Articles filed under Impact on Landscape from Ohio

New siting provision could bring hard times for Ohio wind power

A provision of the bill concerns wind power — currently Ohio’s largest source of renewable energy — and, more specifically, the “setback” distance between new turbines and adjacent private property. Prior to the law, a minimum 1,125-foot setback was required between new turbines and the nearest habitable structure. The provision in question moves the start of that setback from the nearest habitable structure to the nearest property line.
23 Jun 2014

Residents get say on Scioto Ridge Wind Farm proposal

The Shepherds were among dozens of landowners and activists who filled Veterans Hall at the Hardin County Courthouse to voice their opinions on the potential impact of the planned development. Their concerns included noise issues, potential physical dangers, the economic viability of the project, impact on wildlife, expected declines in property values among other general quality of life issues.
9 Jan 2014

Great Lakes wind controversy blowin' strong

Some people look at a wind turbine and get a rush of adrenalin, a sense of patriotism running through their bones because they view it as another step toward energy independence. Others look at that same turbine and roll their eyes in disgust. They see the giant machine as visual clutter in the countryside ...How many wind turbines does it take before the former set of people start to agree with the latter?
1 Jan 2014

Wind Power Honeymoon Over

While many in the area embraced the new green wind power it's "honeymoon over" for Hoaglin township trustees Wayne Kemler and Milo Schaffner. Kemler and Schaffner want Iberdrola Renewables to pick up the tab to pave 3 and a half miles of Hoaglin township roads that they say weren't properly repaired.
28 Apr 2013

Trouble in the wind: Turbines put near Lake Erie energize conservation, wind power debate

The Lake Erie Business Park, which sits near Camp Perry and in the same lakeshore strip that holds numerous eagle nests, has been considering wind power projects for several years ...but there are much better places to locate the projects than the western Lake Erie shoreline, a magnet for migratory birds, waterfowl, and bald eagles. "You don't go to the worst site first," he said.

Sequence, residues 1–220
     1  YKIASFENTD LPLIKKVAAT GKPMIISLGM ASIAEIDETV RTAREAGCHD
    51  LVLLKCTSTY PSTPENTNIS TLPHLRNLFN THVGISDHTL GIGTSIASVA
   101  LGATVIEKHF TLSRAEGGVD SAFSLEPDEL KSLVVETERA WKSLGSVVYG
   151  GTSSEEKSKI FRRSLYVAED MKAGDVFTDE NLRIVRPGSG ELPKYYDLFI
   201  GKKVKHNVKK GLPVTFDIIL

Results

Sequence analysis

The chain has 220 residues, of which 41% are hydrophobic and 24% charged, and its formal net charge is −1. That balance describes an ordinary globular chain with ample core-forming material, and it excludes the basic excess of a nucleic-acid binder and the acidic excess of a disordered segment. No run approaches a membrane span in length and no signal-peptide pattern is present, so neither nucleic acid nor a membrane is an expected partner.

31 Mar 2013

Proposed wind farms have a negative side, too

We must all become informed about life with wind turbines. In phase one, the Black Fork Wind Farm will have 112 wind turbines that are more than 400-feet tall with 159-foot blades and red strobe lights that blink on and off all night long. The wind turbines, at times, may create upward to 70 decibels of noise. The EPA says 45 decibels disturbs sleep.
22 Nov 2009

Learn more about local wind turbine project

There is a large wind turbine project called Black Fork Wind Farm that consists of 112 turbines 400 feet tall with three 100-foot blades to be placed in an area bounded by the west edge of Shelby on the east, Hazelbrush Road to the north, Hook Road to the south towards Crestline and extending on the west past Tiro towards New Washington. This is a beautiful rural area including Shelby Airport and a KOA campground that will be transformed into an industrial installation.
12 Jul 2009

Turbine location must consider birds

The local Lake Erie marshes have long been recognized internationally as some of the best places to see a variety of birds, from migratory warblers to bald eagles. And more recently, developers have recognized the area as one of the best in the state for wind and view it as a prime spot to build turbines. ...Petrie encourages people to question wind projects in their area to make sure they are located in places that make the most sense.
7 Jul 2009

Wind power tangled up in red tape; Residents trying to 'go green'

Inconsistency with regulating wind turbines doesn't end with zoning. The county Building Department requires construction plans certified by an Ohio engineer before it issues a permit; Canton doesn't. The county's requirement could add another $5,000 in expenses because most wind turbines are shipped from outside Ohio or the country and do not contain plans certified by an Ohio engineer. "I don't want to stop anybody from building what they want, but it's my obligation under law to enforce the requirements of the code," said Stark Building Official Ed Stetz. He said wind turbines exceed residential standards so they must be regulated by the Ohio commercial building codes that require a professional designer's seal.
16 Dec 2007
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